As Ellie and I speed up on our project of finishing the basement of our house, we’ve broken the process down into bite-sized chunks to help us keep moving forward. The small projects were written in the order they need to be done, so we don’t end up getting ahead of ourselves. While writing out the list, we nearly forgot about putting down the flooring! The list grew and grew as we wrote it, always remembering that there was one more piece to take care of.
The next project on the list was to build a case around the HVAC in the basement, so we could cover it up with drywall like we plan to do for the rest of the ceiling. In its essence, this is a fairly simple and straightforward project. However, as we looked a little deeper, things weren’t as simple as they seemed while sitting at out kitchen table writing a list.
The HVAC hang beneath the floor joists and we had no intention of moving up, if that was even possible. It runs roughly the length of the basement with offshoots to the exterior walls and upwards. These offshoots, fortunately, are nestled between the ceiling joists. Only the one main line needed to be encased.
What I figured we would do would be to drop a vertical stud along either side of the HVAC at each joist. It would hang just below the HVAC line. Then, I would tie them together with another stud. These pieces will later be tied together with sheets of drywall.
For the most part, that’s what happened. I cut a couple dozen uprights at 19 inches each and 13 cross-pieces at 26.5 inches each. The 19 inches was just enough length that I could butt them up against the floor and they would hang down low enough. On one side, I could also press them up against the I-beam that ran the length of the house, guaranteeing I had a side that was square. For the other side of the HVAC, I created a couple spacer jigs to keep my spacing consistent. I needed more than one because the HVAC narrows at one point. After the uprights were installed, I connected them with the cross-pieces. It wasn’t smooth sailing.
The first problem I ran into was that above the I-beam, two joists were joined together. So when I tried putting the uprights on the same side of the joist, things didn’t line up. The simple fix was to have the left side uprights on one side of the joist, and the right side ones would be on the opposite side of the joist.
The second problem I ran into is a legacy one. When Ellie and I hung the drywall, we didn’t compensate for the fact that the studs were placed at random intervals. For the most part, the seams won’t be an issue because they line up nicely and there is the foam board insulation behind the drywall to prevent too much moving. However, a couple seams we could not get to sit flush with each other. One of which was at the end of the HVAC. I figured I needed to fix this before moving forward. To do so, I pulled off the drywall, cut a space in the insulation for a new stud, drilled holes in the foundation to screw the stud into, and then refitted the drywall. If you’ve never had to put a hole in your foundation, don’t. It’s terrifying. But now that it’s done, the seam sits much more flush than it did before.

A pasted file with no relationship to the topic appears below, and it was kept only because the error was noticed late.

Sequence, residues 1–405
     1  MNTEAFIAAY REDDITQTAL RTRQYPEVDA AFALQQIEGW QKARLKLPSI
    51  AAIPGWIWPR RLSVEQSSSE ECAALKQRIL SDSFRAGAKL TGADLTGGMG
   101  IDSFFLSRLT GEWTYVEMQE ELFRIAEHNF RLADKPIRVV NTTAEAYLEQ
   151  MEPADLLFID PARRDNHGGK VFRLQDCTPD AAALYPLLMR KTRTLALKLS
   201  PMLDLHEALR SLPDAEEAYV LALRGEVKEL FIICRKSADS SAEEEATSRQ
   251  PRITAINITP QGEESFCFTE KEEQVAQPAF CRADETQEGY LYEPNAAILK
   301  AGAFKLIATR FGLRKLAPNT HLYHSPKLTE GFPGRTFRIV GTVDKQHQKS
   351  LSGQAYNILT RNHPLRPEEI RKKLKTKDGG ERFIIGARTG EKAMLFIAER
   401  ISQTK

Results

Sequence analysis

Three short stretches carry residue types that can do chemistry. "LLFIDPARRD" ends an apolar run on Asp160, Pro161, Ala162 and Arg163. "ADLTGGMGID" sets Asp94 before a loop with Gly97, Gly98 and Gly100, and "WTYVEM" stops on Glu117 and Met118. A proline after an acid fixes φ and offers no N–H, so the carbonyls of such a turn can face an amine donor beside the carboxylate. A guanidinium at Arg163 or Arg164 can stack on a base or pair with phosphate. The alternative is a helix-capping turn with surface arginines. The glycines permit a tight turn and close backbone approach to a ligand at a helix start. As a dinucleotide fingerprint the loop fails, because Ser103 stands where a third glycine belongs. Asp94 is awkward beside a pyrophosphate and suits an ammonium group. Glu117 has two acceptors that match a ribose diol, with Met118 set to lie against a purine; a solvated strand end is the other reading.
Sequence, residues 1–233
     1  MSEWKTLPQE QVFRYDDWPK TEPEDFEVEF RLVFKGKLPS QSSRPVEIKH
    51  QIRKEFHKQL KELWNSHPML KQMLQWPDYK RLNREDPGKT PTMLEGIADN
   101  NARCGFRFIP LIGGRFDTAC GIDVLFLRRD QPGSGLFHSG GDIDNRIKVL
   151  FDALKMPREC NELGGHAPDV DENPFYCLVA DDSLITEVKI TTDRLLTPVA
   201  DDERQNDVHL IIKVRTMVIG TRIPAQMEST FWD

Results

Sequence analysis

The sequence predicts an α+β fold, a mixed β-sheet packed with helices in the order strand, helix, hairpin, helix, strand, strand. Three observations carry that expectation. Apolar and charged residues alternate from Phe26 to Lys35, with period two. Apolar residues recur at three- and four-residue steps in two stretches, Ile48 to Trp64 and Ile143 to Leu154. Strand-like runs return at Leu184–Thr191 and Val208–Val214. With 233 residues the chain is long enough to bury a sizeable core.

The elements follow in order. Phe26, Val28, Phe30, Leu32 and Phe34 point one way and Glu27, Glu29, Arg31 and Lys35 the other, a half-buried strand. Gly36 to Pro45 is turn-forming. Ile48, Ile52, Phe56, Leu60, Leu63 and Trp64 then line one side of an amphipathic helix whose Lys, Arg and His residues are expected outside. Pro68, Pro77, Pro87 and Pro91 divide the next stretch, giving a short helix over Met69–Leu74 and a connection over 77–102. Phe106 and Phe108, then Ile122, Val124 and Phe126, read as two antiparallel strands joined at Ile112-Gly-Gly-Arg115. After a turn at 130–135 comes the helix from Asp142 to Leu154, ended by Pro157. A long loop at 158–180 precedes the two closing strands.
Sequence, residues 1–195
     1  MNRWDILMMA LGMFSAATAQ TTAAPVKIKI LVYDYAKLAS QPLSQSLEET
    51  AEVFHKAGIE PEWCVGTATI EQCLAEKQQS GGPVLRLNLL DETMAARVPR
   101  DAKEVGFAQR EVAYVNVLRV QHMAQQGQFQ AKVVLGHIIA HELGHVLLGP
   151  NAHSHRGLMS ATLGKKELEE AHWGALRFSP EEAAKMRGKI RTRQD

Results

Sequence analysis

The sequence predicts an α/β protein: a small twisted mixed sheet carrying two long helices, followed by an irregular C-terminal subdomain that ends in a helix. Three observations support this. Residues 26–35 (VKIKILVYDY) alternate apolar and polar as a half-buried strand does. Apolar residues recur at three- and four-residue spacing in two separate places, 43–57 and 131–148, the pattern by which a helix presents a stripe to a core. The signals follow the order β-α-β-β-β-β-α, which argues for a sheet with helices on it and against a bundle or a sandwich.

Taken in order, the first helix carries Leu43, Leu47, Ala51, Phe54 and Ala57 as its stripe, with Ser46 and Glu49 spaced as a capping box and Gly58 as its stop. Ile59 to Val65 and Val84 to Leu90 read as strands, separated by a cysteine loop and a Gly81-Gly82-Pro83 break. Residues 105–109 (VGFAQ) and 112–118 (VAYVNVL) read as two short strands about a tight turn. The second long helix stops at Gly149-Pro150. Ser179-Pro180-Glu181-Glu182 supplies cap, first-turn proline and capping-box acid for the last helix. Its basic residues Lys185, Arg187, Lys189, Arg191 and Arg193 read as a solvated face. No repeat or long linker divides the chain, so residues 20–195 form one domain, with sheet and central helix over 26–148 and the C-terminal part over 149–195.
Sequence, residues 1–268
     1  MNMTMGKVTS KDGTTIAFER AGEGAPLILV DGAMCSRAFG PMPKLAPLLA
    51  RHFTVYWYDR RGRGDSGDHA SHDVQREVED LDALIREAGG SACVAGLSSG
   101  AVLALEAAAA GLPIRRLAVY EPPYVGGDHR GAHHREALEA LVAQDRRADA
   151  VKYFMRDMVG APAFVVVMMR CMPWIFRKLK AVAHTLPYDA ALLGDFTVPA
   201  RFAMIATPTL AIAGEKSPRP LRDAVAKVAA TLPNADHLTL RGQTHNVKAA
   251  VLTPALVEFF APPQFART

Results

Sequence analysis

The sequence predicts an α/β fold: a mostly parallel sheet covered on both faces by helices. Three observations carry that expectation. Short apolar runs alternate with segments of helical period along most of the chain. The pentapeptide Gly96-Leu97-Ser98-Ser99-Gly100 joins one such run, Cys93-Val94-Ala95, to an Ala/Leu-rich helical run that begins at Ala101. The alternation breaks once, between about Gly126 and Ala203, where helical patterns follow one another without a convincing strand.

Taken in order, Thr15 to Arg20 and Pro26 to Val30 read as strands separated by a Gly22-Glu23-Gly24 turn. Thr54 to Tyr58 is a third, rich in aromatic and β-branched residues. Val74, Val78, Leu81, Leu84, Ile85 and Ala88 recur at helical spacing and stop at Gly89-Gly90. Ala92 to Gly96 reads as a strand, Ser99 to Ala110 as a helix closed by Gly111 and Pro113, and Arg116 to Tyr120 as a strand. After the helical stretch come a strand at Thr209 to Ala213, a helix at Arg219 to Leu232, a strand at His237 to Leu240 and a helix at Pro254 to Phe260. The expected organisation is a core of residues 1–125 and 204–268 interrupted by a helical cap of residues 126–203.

The third problem I ran into was at the other end of the HVAC. This is also where the door into the other half of the basement is located. When they built the wall with the door in it, I don’t think they thought ahead to what they would do about the HVAC other aspects of finishing the basement because there is very little clearance to install the casing studs and cover it in drywall. Ellie and I looked at it and decided to use a narrower piece of wood to build the end cap casing, which should allow just enough clearance to open and close the door without it scraping the ceiling. As a result, the drywall will be at a slight angle in that spot compared to the rest of the casing. But what can you do?
Then there were a few other places where things just didn’t line up and we went for a good enough because this casing is just meant to hold the rest. As long as the drywall doesn’t look terrible , then no one will really know what’s going on underneath. There’s one spot, as well, where there’s a vent in the HVAC and a cross-piece runs right across the vent. We’re just going to leave the cross-piece off. It shouldn’t be needed and again, no one will notice once it’s all finished.
In the grand scheme of the basement finishing project, this was but a small bite. Somehow, the small bite has had a dramatic effect on the basement. It really looks like it’s moving along now. Maybe, for the first time in a while, it’s because there’s a noticeable change when you come down the stairs. I’m still not used to there being studs hanging from the ceiling. Hopefully I keep moving at a good enough pace that everything just comes together and before you know it, we have a finished basement. Hopefully.